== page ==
Kelly attributes a lot of the Allen series’ success to the volunteers, many of whom are also runners. They turn out at each race to encourage the runners on the field, hand out cooling towels at the finish, and sometimes even jump into the race as pacesetters. “They have such big hearts, and love encouraging these kids,” says Kelly. “I’m lucky that I have a good group of volunteers to support us.”
One of the volunteers at the last race of the fall series was Officer Sam Rippamonti from the Allen Police Department. He was there to hand out medals at the end of the series, but when he saw a young boy out of the field, flushed and struggling, he joined him on the field and ran with him all the way to the finish, encouraging him along the way. “We are out there because we believe they can do this, and we want to help them cross the finish,” says Kelly. “It has been heartwarming to be a coordinator.”
As community coordinator, Kelly is committed to making the Allen series a very supportive environment, because “we want everyone to have a good experience.” She strives to keep the focus on finishing the race, not on winning first place every single time. As seasoned as she is at running, she knows that she won’t always finish first, but her goal is to have a good race nevertheless.
Once, she had to pull a finisher aside who was “showboating,” and talked to him about good sportsmanship. Another time, she ran onto the field to encourage a runner who was upset she had to walk and needed encouragement to get back into the race. “It’s okay!” she told the runner. “You’ve got this. Walk if you need to walk. Walk with purpose—walk to finish!”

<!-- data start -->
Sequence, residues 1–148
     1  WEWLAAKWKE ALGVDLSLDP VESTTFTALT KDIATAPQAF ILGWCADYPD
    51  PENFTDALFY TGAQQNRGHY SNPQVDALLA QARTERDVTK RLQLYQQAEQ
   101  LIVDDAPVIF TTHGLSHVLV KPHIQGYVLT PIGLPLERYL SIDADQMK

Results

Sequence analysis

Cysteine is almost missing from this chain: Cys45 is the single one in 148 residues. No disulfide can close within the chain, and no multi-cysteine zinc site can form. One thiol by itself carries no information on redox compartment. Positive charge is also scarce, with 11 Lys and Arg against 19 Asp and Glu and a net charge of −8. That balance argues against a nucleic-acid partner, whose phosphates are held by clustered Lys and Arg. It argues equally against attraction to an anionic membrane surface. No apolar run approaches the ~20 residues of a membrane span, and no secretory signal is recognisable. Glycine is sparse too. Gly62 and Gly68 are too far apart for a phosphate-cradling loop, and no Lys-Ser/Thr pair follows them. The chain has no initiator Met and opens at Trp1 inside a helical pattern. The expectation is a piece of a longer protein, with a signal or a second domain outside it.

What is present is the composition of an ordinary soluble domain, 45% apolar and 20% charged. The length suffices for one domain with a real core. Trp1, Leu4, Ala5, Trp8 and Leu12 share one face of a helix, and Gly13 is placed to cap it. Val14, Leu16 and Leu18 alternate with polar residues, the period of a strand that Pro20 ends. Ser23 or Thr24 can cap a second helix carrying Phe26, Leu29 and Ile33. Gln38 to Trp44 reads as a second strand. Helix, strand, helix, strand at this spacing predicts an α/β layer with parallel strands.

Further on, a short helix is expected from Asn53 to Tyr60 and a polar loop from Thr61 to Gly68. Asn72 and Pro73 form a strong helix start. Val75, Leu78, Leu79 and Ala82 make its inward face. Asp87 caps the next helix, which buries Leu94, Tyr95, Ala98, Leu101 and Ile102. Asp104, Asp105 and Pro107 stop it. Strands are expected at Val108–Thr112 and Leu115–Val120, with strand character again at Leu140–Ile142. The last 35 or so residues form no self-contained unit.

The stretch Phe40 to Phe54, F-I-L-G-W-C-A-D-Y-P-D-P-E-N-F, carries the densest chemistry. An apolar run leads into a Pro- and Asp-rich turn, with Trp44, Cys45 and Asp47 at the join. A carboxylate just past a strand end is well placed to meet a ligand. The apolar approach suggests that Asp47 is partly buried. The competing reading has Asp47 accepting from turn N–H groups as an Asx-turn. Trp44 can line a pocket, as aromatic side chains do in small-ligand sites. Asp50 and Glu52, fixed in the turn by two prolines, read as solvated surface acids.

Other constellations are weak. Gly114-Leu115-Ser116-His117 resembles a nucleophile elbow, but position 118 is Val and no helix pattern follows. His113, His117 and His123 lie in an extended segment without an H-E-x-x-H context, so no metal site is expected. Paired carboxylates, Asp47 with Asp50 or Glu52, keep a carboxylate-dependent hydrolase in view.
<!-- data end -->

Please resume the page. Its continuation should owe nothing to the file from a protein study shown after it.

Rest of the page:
“This is a nonprofit running series,” says Kelly. “The point is to be active—and we don’t need to deviate from that mission.” In fact, that is what she tells all of the runners as they begin the series, especially on those sweltering afternoons underneath the afternoon sun. “It is fine to walk. Walk with purpose. Walk until you can run again. Make a goal, so that when you get to a certain point, you’ll start to run again all the way to the finish.”
Like so many events and programs this spring, Healthy Kids Running Series has postponed the start of the spring series due to the global pandemic. Meanwhile, the organization just launched a virtual Spring Series so children across the country can challenge themselves to stay active during this time of social distancing. For more information about the virtual running series and ideas for keeping your child active, visit their website at healthykidsrunningseries.org and sign up for their e-newsletter. You can also follow the Allen series on Facebook to get the latest, local updates from Kelly. For even more ideas about keeping your family active, visit Marathon Kids for fun resources and activity logs.
If this story has inspired you to support the North Texas nonprofit community, visit our How to Support Nonprofits During Social Isolation page to learn how you can get involved!